During its formative years, the Carians jaded Kos. The island was later inhabited by the Dorians following the War of Troy in the 11th century B.C. Its abundant soil, beauty, and strategic location meant that it was coveted by many over the course of history, along with its own distinctive ago was formed from the alternating reigns of many. Listed below are the best things to see and do in Kos Island!
The Beaches of Kos
Hippocrates Plane Tree
Now Kos is famous for being the birthplace of Hippocrates, the father of modern medicine. Every year, hundreds of visitors stands Kos Town and revere the Hippocrates Plane Tree, the tree that he once educated under.
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It enormous in Kos Island’s cultural parties, and is among the oldest trees in the Earth.
The island has been sprinkled! These comprise castles, historical temples, Roman theatres, and historical agora. The Asklepion is possibly the many significant and well-known historic website of the island. It is the most eminent and earliest therapeutic centers of the world. Dedicated to son of Apollo, the god Asklepius and god of medicine and health, the Asklepion served to the Roman era well as a complicated.
Archaeological Museum of Kos
The culture of kos has evolved from its rich historical tradition, the fact that it has changed hands numerous times, along with its near proximity to Turkey. During the first decades, Kos and Turkey loved a favorable relationship. But This soon evolved into a coveting on behalf of the Ottoman Empire. Kos fell to the Ottomans, and their influence could be observed clearly in the structure today. Because traffic to Kos like daytrips to the Turkey via the ferry services of the Kos Town, this history is now overlooked in the interest of tourism.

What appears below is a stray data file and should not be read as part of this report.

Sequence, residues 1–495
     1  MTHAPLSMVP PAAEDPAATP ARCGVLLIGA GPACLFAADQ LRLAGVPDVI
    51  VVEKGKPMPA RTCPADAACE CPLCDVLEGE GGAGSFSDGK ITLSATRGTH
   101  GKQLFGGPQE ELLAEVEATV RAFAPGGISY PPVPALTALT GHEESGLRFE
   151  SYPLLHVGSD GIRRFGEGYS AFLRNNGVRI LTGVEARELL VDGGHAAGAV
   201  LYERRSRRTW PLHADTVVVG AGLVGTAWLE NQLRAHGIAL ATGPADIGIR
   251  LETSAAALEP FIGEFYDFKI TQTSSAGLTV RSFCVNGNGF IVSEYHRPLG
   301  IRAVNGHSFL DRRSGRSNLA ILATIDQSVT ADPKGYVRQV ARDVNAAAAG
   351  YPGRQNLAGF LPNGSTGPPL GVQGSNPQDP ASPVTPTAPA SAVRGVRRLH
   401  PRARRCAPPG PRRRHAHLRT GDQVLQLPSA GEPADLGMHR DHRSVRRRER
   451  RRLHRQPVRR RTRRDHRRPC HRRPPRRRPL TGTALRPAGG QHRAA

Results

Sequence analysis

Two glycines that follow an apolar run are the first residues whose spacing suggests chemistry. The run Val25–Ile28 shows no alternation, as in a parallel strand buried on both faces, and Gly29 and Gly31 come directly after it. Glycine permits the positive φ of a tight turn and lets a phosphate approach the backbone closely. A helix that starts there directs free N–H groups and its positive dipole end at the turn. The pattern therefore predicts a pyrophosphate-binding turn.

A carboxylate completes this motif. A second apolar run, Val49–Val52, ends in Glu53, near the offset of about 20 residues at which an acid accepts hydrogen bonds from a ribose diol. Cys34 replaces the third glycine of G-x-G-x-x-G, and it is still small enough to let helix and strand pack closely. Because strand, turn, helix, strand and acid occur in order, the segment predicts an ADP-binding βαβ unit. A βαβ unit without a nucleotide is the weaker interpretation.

Castle of Antimachia
Located off the western shore of Turkey, a view of Kos boasts crystalline waters back dropped by abundant, mountainous land. The largest island of the Dodecanese island chain, Kos’s geography and landscape are amongst the most persuasive reasons to stop by the island. The fresh island air has a quality; while picturesque mountain villages, the relaxing sun, along with pristine beach towns are often the top selection for honeymooners and couples that are touring.
Kos’s climate is Mediterranean. Mild winters and hot summers make planning a visit to Kos simple. You can count on sunlight between October and May, with the hottest months being July and August. During this period temperatures can reach as large as 95 degrees Fahrenheit! January is the 1 month of Kos, with temperatures. Kos is year round, but tourism does die down quite a little outside of the summertime. Budgeters ought to note that season rates will apply as late as June and are somewhat more economical. Listed below are the best things to see and do in Kos Island. Lets begin with Kos Town!